Income Differences

Paul Graham wrote a typically perceptive article about income disparities, Mind the Gap. Graham argues that you can’t have economic progress without income disparities. For a variety of reasons, what he says is true.

However, there is one area where Graham makes an unwarranted assumption. Prior to discussing current income disparities, Graham says, “In a free market, prices are determined by what buyers want”. True enough, but the assumption that we enjoy a free market is unwarranted.

First, Americans pay about 27 percent of their income in taxes. Depending on how you calculate taxes, other estimates are much higher. The money is extracted by force, and distributed according to political considerations. Both the extraction and the spending distort markets. CEOs of large corporations increasingly spend more and more time trying to get financial favors from the government. The CEOs who operate best in such an environment are hardly products of a free market.

Taxes make it more difficult for workers to save capital. Thus, many who would start their own business in the absence of taxes remain as employees of corporations. Without the competition that entrepreneurs would provide, corporations become richer. Thus, the marginal utility of CEOs and their salaries are correspondingly inflated.

For more than 100 years, the United States has lived under an increasing regime of regulation. Regulation, like taxation, operates on the federal, state, and local levels. The net effect of regulation on the economy is probably on the same order as the tax burden. Note that regulation favors large firms who can buy influence and more easily deal with the regulatory burden. Mr. Graham probably does think very much about the regulatory burden because he deals with startups in the computer industry where the regulatory burden is relatively light. However, even in the computer industry, regulation is becoming an increasingly import factor(e.g., Sarbanes-Oxley).

The highest CEO salaries occur in the largest corporations, which in a regulatory environment, have advantages over smaller rivals. Limited liability corporations enjoy protection against torts which increases the value of the firm. Since the corporation is worth more, it follows that the CEOs salary would be higher.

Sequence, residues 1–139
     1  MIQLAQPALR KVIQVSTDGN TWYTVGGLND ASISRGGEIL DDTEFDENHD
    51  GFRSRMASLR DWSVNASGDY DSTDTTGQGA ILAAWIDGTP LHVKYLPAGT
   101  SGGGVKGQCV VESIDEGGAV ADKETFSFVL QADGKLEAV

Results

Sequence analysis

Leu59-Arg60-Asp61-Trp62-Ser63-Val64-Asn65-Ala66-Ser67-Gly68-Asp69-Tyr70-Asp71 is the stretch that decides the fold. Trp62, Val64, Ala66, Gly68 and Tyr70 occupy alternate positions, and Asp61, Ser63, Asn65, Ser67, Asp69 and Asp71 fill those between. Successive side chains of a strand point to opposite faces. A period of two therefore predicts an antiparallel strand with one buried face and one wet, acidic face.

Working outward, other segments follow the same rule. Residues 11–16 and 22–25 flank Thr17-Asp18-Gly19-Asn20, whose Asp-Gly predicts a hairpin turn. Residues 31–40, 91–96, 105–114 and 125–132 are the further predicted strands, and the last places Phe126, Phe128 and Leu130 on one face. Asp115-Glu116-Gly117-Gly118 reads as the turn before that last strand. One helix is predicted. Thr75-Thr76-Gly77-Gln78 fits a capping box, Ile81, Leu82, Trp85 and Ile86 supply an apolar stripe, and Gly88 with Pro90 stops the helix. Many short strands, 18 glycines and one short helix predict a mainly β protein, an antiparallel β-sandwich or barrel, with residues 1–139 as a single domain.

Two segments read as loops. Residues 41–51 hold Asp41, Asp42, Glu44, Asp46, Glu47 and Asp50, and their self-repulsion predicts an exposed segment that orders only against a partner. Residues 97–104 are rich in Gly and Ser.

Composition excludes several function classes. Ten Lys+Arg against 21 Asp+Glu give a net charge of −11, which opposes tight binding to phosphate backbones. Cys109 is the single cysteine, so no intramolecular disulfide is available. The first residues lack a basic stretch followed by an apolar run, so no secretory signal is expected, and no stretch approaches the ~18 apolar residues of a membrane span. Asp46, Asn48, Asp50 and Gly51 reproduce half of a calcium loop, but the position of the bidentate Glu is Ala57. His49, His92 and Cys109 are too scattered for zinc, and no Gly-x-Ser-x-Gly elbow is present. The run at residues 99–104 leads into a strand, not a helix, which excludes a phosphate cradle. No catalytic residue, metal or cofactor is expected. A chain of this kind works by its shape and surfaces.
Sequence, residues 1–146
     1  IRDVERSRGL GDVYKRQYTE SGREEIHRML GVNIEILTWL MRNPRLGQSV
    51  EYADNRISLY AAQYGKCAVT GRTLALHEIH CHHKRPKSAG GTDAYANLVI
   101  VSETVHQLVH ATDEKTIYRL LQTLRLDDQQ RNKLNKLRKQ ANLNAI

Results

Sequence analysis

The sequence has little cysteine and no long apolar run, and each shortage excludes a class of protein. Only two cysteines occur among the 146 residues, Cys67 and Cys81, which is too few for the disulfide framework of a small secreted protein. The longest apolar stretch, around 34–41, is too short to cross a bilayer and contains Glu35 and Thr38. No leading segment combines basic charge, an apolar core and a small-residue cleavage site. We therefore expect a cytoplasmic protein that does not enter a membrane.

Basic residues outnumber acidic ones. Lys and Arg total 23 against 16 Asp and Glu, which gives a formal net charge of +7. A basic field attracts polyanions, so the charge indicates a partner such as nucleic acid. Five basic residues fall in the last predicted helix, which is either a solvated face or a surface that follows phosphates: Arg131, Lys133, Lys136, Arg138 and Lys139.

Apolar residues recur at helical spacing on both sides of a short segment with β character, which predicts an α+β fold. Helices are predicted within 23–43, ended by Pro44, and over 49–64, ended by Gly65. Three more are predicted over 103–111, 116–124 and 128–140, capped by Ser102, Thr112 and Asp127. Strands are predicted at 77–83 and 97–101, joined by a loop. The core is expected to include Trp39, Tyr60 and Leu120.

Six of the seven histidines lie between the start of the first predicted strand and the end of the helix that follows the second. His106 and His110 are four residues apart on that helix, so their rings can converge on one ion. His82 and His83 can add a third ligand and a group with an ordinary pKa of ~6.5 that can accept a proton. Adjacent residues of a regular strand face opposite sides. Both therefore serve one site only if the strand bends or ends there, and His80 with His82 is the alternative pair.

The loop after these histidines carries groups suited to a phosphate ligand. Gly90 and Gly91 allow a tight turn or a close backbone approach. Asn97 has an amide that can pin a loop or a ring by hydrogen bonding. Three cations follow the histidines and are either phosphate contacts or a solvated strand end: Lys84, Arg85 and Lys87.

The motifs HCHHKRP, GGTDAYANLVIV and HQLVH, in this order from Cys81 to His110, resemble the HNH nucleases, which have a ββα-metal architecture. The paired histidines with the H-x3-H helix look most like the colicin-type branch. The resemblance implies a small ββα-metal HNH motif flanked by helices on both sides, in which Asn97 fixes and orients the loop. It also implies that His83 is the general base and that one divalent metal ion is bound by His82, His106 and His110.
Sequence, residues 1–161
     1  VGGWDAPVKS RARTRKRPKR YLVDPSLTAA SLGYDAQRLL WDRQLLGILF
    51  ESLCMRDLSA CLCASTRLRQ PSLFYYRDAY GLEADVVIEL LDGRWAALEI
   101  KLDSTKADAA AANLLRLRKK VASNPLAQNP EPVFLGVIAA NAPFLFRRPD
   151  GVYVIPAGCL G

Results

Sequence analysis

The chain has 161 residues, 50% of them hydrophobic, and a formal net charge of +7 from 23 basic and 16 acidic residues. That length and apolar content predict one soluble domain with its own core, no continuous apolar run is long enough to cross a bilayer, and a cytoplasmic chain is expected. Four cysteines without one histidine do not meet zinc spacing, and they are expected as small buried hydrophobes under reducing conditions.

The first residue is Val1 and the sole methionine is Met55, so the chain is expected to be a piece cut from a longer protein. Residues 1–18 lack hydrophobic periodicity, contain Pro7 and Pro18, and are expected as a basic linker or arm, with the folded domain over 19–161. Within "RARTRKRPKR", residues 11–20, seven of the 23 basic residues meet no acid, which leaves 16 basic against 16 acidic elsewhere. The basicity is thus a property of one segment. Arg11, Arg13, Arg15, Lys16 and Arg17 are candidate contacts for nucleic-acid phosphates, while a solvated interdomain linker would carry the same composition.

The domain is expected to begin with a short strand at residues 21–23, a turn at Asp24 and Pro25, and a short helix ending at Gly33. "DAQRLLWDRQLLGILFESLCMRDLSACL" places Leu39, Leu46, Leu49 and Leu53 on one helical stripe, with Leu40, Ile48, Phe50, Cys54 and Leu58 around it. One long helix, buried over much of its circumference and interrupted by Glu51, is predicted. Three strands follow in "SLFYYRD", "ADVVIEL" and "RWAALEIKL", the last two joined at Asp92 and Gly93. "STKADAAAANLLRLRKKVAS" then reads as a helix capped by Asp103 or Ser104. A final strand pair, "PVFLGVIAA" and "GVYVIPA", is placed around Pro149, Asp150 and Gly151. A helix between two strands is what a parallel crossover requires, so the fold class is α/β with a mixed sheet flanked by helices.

In addition, the large corporations that pay the largest CEO salaries also derive much of their wealth from copyrights and patents. Copyrights and patents are really grants of monopoly by the state. As with any grant of monopoly by the state, those who own the monopoly can extract a monopoly price. Some of the monopoly price dividend ends up in the pocket of the CEO.

Mr. Graham talks about basketball players and baseball players as examples of people who make many times the average salary. However, nearly all basketball and baseball stadiums enjoy public subsidies running into the hundreds of millions of dollars. Note that the gigantic increases in salaries in basketball and baseball arrived in recent years, at about the same time that public subsidies for stadiums became common.

Even though it can be demonstrated that many current high earners benefit from market distortions, it is impossible to say what their earnings would be in a free market. It may be that their earnings would be less. However, it is possible that they, or somebody else, would earn spectacularly high earnings in comparison to the average. Without high taxation, and without the burden of regulation, it is possible that ambitious people would do even better relative to that average than is the case now.

One thing is certain: we are not living in a free market.


Posted August 10, 2010 by Brian Cantin in Uncategorized

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